“Typically, when these funds come out, everybody wants a direct cut. … But, only doing projects within your boundary may not be what’s in the best interest of your folks,” she said.

REGIONAL THINKING

Hidalgo County Precinct 1 Commissioner David Fuentes doesn’t need to be told twice to think regionally. The commissioner, who was first elected to the county commissioners’ court in 2016, has seen his precinct walloped by back-to-back floods in 2018 and 2019.

As a result, he has become one of the staunchest proponents of flood control and drainage improvements. In addition to the county successfully passing a $190 million drainage bond election in November 2018, voters statewide overwhelmingly approved a drainage improvement constitutional amendment this November with the passage of Proposition 8.

Through it all, Fuentes has lobbied both local leaders and their constituents, as well as state and federal leaders, to prioritize the Valley’s flood relief and drainage infrastructure needs. “(We) have been working with the Cameron County and Willacy County commissioners and we’ve been regionalizing,” Fuentes said Saturday of Hidalgo County’s efforts to team up with its neighbors.

“We’ve been talking about the regional projects that will make an impact for all of us.”

Fuentes said he’s glad the state and federal government are finally starting to take a preventative approach to disaster recovery. “It’s basically the same type of approach — prevent future floods, prevent future damage. Let’s assign this money to projects that will help relieve a lot of that flooding,” Fuentes said.

Leaders in Cameron County, however, have to contend with more than just inland flooding and drainage problems. Along the coast, tropical weather can wreak havoc on fragile beaches that are increasingly becoming some of the most developed real estate in the state.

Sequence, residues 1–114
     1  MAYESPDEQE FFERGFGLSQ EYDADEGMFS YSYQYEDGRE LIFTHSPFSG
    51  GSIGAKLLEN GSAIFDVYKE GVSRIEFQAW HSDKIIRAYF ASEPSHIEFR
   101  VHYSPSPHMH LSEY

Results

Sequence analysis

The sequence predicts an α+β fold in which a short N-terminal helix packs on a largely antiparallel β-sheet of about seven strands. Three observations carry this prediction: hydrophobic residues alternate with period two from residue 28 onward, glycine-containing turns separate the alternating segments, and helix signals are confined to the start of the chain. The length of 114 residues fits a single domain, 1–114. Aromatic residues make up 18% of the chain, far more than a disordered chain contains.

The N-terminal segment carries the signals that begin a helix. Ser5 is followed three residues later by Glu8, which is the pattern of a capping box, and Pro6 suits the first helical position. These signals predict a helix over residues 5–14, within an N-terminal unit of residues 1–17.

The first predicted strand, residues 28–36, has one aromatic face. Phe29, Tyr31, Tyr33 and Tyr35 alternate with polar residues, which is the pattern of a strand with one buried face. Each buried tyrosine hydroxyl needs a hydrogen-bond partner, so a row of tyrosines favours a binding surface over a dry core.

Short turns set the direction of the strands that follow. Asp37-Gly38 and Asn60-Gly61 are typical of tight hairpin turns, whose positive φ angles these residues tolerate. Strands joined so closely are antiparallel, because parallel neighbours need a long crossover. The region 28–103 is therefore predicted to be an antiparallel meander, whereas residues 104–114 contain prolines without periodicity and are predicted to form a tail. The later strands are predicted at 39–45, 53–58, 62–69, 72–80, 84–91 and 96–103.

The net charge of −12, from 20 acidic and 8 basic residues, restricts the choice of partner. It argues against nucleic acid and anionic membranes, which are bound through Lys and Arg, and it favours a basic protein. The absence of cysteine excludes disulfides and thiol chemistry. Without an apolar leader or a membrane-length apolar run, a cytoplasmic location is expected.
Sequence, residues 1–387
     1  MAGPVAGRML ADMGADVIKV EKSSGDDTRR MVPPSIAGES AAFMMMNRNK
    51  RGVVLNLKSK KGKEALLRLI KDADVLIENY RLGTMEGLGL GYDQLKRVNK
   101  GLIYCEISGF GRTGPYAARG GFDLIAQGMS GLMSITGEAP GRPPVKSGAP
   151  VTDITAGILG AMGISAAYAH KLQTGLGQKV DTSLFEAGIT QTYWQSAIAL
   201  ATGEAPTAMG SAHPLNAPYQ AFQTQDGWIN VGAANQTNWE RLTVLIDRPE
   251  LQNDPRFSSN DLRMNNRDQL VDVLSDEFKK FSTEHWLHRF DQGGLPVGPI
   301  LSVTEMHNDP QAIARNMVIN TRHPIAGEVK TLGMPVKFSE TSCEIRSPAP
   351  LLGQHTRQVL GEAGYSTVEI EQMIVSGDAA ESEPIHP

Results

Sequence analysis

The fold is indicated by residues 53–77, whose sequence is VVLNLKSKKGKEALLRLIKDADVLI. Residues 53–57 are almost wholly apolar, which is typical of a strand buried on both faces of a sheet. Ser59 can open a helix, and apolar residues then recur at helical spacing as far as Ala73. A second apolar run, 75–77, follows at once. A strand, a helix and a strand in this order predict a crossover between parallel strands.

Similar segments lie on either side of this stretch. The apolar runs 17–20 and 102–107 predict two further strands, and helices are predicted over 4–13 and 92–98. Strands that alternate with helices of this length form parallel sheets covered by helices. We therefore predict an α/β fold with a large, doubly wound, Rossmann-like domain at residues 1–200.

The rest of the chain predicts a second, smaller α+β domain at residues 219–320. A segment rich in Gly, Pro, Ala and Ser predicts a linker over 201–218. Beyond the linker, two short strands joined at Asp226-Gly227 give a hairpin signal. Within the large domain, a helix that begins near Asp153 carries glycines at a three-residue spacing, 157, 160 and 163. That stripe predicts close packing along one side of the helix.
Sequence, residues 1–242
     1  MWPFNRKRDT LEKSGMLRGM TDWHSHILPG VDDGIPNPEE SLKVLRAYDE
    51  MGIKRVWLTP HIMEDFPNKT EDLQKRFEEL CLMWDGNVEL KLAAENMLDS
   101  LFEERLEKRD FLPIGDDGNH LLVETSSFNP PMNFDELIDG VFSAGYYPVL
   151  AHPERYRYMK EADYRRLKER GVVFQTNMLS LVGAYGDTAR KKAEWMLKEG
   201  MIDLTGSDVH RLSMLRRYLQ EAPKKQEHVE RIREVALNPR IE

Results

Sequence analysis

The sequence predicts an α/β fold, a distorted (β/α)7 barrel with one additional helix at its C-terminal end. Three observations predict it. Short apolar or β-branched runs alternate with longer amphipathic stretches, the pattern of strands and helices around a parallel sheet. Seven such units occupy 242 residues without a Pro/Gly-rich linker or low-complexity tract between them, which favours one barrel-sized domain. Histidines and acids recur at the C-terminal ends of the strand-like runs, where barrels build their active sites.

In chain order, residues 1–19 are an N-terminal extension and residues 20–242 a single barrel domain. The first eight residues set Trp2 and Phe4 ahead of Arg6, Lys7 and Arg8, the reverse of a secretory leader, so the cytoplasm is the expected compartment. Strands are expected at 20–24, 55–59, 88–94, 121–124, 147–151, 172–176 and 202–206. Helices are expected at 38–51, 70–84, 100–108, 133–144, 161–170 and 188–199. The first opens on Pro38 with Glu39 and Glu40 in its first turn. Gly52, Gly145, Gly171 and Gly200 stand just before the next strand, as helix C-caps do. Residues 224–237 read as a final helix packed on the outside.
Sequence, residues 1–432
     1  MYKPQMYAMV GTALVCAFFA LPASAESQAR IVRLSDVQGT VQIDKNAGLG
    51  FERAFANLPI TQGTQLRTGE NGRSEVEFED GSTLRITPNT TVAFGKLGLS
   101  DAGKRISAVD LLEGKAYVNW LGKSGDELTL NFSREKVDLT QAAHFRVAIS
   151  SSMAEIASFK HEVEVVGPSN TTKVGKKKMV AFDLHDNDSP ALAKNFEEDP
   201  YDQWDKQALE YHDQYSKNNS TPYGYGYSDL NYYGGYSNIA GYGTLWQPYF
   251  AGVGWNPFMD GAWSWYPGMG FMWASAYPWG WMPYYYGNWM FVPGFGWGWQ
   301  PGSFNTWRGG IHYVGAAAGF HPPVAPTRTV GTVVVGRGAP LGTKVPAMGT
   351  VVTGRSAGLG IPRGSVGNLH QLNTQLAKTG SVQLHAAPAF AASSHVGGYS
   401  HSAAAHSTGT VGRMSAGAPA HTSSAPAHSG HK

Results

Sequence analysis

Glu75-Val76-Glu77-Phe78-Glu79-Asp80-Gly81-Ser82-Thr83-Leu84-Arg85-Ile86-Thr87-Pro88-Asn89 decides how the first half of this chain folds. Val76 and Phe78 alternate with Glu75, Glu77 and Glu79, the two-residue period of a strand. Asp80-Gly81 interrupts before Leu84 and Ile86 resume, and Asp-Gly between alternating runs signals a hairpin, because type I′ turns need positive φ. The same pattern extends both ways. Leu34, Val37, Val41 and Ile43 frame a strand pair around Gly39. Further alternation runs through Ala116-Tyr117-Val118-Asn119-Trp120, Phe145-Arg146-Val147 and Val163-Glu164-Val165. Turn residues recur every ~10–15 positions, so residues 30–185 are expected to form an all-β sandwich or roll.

For coastal resiliency expert Peter A. Ravella, the flood mitigation plan represents an opportunity for the state to get coastal planning right. “The opportunity is tremendous. And the opportunity to do things right on the Texas coast has never been better,” Ravella said.

“What’s happening in America today is when it comes to coastal funding is that we are reactive. We are disaster-oriented. The money flows post-disaster, and these funds originate post-disaster (too),” he said. “Taking a hazard mitigation approach is, no question, the right way to do it.”

Ravella would know. In 2015, he was tasked by the Cameron County Commissioners’ Court with creating the county’s erosion response plan — a policy the GLO requires coastal counties to have in place in order to remain eligible for federal disaster relief funding, among other things. Ravella, who has spent two decades working in coastal policy, and previously served as the director for the GLO’s Texas Coastal Management Program, spent over a year creating Cameron County’s ERP. It finally gained GLO approval earlier this fall.

Though he would prefer federal and state leaders to be more prevention-minded in general, Ravella said he was glad to see such a large pot of money being dedicated to preventing a disaster rather than cleaning up after one.

“The political reality is Congress can’t get their act together to really appropriate the funds necessary to act in advance of hurricanes and disasters, so what they’re doing now is they’re using the disasters and hurricanes to come staple together huge pots of money and they directing it towards risk reduction,” Ravella said. “I’ll take that. It’s not the right philosophical approach, but I’ll take it.”